Critters dip into savings

Northwoods Notebook

(Betsy Bloom/Daily News photos) A muskrat pauses on the ice before diving into Six Mile Creek. Muskrats are among the animals that remain active during the winter in part by caching food, building up a supply they can tap into when other sources become scarce.

This has been a relatively mild winter, one that should not have provided much of a challenge for most of the animals that endure the cold weather for the season.

March 1 was the start of the meteorological spring. Early Sunday morning will see the region shift back to daylight savings time, when we’ll switch to a sunset that doesn’t arrive until almost 7 p.m. It makes the day seem much longer, even if it isn’t.

But more perceived daylight does not a spring make. Depending on the conditions, March also can be one of the toughest times of winter for wildlife. If cold and snow persist, the creatures that try to outlast winter relying on available forage may find late winter and early spring pickings scant and the reserve fat built up last fall dwindling.

By March, much of the fruit, seed or other natural food sources have been consumed. The winter birds that favor crabapples, chokecherries and other berries — Bohemian waxwings, pine grosbeaks, American robins — appeared early this winter but have long since departed after stripping most of the trees of their bounty.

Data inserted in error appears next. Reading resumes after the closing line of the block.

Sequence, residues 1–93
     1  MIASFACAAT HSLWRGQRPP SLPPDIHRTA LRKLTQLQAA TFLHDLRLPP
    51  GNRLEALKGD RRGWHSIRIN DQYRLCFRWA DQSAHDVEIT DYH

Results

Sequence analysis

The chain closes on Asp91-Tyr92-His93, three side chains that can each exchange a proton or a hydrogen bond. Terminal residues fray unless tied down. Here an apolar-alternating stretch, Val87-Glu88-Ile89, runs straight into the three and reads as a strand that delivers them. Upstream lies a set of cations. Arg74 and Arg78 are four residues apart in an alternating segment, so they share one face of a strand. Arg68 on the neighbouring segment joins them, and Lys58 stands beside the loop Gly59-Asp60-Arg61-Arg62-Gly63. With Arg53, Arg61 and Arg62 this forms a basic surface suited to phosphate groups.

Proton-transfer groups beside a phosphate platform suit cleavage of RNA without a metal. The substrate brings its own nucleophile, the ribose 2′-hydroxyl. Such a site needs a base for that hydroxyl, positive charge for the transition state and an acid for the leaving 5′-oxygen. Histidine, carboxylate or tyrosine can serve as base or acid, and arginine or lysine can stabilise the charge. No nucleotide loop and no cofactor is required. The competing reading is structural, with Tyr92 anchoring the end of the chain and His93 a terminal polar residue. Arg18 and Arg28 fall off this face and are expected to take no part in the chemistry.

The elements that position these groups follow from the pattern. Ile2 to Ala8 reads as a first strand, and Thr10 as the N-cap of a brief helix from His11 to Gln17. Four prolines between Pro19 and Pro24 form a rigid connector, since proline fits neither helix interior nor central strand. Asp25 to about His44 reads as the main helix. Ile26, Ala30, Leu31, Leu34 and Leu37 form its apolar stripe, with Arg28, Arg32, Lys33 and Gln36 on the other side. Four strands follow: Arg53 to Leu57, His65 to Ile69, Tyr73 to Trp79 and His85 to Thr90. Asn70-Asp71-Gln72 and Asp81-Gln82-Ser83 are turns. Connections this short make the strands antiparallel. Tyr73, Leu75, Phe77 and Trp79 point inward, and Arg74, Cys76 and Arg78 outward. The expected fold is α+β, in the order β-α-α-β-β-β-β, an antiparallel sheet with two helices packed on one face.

Which is why many species that endure the conditions of a northwoods winter share the habit of stashing away a supply of edibles to see them through the lean times.

A red squirrel buries a peanut.

The most easily visible practitioners of “caching” are several backyard bird species and some members of the squirrel family.

Jays, chickadees, nuthatches and crows all are known to collect and tuck away extra seeds and other food to be available later in the winter, according to an April 2016 article by Shailee Shah, “Where Is That Bird Going With That Seed? It’s Caching Food for Later,” on the Cornell Lab of Ornithology’s All About Birds’ website, www.allaboutbirds.org.

Some, like the jays, have developed a “distensible” esophagus that can expand, allowing it to carry multiple food items at the same time, the article states. Crows have a special pouch in their mouth.